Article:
So you'd think, as rapidly as Garrett is growing, the things I'd be most concerned about with his development are 'is he trying to walk enough?' 'can he hear me when I call his name?' 'does he KNOW his name?' 'will he have a peanut allergy because I could live on peanut butter if allowed, so if my kid has an allergy what will I do?'
But no. My biggest worry right now is not being able to understand what he is trying to say as he gets more vocal. I'm always around parents who's child speaks a language only they understand and the parent says "that's right, junior, that's the doggy..." or "oh you'd like a banana?". And I always am baffled. How did the parent get banana from 'ranrethaa'?
Case in point. Garrett goes to daycare four days a week. By all accounts, he has a great time. He no longer cries when I leave him. He grins and giggles when we arrive...he waves bye when we leave. He's in toy paradise there. He's very busy. But his daycare provider, who I really like and think is good for him, tells me "Oh he said cracker all day today!" Or, "he said tiger today and he loves his tiger and all he says is tiger tiger tiger."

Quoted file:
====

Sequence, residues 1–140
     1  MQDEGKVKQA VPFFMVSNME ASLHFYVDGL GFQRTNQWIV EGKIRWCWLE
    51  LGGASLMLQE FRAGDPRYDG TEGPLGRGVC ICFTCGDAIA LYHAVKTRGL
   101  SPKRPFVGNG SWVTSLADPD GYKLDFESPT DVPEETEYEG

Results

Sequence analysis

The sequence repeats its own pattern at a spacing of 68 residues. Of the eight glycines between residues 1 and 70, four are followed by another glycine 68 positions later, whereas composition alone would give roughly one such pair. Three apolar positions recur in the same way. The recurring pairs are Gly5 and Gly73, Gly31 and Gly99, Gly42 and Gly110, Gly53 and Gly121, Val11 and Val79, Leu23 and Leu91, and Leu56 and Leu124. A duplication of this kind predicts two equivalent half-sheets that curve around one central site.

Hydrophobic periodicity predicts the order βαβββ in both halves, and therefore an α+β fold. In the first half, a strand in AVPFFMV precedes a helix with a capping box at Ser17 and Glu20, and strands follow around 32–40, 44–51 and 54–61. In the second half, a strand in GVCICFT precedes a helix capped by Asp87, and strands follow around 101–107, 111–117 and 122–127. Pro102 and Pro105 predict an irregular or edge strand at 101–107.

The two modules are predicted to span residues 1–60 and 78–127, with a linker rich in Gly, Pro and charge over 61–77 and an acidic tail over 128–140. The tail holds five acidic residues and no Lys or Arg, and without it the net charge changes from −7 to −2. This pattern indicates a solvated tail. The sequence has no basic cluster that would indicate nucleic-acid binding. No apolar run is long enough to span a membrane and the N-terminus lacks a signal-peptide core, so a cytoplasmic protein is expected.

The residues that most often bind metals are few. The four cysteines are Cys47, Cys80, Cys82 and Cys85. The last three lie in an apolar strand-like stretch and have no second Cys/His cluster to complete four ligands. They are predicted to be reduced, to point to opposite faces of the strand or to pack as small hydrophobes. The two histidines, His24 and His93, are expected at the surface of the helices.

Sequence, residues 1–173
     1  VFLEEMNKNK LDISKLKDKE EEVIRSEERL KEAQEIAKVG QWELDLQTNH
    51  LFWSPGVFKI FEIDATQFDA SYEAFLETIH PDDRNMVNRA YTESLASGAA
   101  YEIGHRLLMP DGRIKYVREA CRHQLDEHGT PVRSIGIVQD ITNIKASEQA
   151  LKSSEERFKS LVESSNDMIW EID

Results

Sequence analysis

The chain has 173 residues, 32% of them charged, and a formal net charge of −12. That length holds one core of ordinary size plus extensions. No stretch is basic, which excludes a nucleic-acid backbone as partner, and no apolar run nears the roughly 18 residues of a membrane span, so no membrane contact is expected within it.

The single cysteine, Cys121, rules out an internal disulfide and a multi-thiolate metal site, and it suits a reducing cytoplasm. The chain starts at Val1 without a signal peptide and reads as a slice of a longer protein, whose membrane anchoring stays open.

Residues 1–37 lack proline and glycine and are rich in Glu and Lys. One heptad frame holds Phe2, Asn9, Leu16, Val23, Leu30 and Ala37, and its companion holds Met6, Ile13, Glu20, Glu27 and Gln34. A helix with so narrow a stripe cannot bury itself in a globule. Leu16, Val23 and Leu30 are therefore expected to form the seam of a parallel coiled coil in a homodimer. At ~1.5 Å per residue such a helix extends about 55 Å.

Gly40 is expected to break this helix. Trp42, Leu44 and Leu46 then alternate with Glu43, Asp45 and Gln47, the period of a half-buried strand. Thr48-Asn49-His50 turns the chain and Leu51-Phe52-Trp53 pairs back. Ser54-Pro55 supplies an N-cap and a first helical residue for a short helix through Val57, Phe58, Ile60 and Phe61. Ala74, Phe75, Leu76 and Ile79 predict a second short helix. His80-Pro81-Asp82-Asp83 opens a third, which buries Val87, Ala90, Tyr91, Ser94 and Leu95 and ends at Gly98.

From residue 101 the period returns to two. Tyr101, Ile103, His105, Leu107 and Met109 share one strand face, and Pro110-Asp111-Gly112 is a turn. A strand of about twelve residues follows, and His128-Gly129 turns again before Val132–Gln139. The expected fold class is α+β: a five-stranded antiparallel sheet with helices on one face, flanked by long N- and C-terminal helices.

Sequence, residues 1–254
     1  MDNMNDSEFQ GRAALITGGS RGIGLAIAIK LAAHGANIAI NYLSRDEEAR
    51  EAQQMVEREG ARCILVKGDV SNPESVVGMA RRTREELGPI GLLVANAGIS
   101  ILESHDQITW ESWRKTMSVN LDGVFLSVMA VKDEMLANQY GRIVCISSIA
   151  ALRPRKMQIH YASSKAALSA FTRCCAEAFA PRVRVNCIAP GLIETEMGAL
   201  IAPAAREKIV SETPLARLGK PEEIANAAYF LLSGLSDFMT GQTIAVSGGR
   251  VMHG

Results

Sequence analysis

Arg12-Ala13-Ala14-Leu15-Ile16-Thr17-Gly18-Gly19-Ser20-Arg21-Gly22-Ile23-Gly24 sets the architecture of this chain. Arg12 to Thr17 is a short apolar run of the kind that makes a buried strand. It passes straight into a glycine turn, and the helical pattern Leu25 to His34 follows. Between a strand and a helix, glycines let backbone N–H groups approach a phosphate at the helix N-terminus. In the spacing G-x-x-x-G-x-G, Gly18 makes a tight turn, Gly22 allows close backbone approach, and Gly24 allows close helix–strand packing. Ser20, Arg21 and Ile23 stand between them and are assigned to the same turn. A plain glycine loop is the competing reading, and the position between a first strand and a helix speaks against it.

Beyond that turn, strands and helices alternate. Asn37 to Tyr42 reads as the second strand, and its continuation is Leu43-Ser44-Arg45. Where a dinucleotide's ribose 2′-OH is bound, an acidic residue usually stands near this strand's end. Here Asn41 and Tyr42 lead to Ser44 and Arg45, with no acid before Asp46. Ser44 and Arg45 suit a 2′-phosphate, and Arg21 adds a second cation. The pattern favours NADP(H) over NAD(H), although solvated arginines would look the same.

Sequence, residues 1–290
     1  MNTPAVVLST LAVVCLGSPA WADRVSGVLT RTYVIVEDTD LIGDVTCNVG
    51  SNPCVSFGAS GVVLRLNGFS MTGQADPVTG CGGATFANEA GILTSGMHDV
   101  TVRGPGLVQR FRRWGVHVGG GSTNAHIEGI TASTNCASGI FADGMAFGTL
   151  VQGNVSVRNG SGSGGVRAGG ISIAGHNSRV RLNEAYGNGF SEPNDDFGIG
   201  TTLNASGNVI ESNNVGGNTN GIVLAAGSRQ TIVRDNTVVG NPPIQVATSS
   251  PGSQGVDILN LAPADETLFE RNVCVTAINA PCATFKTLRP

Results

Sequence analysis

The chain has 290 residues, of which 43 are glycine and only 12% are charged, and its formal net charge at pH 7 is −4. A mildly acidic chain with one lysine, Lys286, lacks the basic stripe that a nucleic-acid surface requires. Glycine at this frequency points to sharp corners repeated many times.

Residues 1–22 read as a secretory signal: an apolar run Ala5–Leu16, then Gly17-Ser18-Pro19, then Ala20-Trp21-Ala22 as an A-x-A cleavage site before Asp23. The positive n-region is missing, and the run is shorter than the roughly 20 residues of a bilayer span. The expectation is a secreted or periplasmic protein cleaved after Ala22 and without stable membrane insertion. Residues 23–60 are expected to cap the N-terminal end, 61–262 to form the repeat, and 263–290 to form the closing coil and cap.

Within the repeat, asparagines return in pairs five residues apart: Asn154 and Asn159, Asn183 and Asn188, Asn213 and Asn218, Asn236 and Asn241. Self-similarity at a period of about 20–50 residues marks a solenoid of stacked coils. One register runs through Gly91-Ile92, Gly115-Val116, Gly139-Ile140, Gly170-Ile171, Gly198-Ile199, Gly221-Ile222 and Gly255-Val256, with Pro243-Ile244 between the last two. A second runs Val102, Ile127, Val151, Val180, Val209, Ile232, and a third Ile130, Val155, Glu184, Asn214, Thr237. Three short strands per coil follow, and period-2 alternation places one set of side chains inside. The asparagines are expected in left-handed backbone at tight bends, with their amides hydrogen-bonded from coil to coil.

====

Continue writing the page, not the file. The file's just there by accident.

What? I have never heard him say tiger or cracker. I have never heard him say anything that resembles these things. So now I am paralyzed with fear that I am not going to know what in the world he is trying to convey if I can't understand him.
Recently, he started saying Dawby...or Dawba or Dahba...so I'm wondering...is he combining 'doggy' and 'gabby'? Doggy and Dada? How do I know??? The other night as we were commuting home together (the best part of having him in daycare literally two minutes from the college), I spent the whole ride home saying 'Tiiiiiiger. Say Tiiiiiger.' My commute is about 25 minutes. I have no idea if he fell asleep listening to my one word conversation, but he never said it. He did mumble "brdrwrnrr" Was that tiger? I don't know. I just hope that when the time comes for him to be a little more vocal, that I will finally hear what other parents seem to magically understand.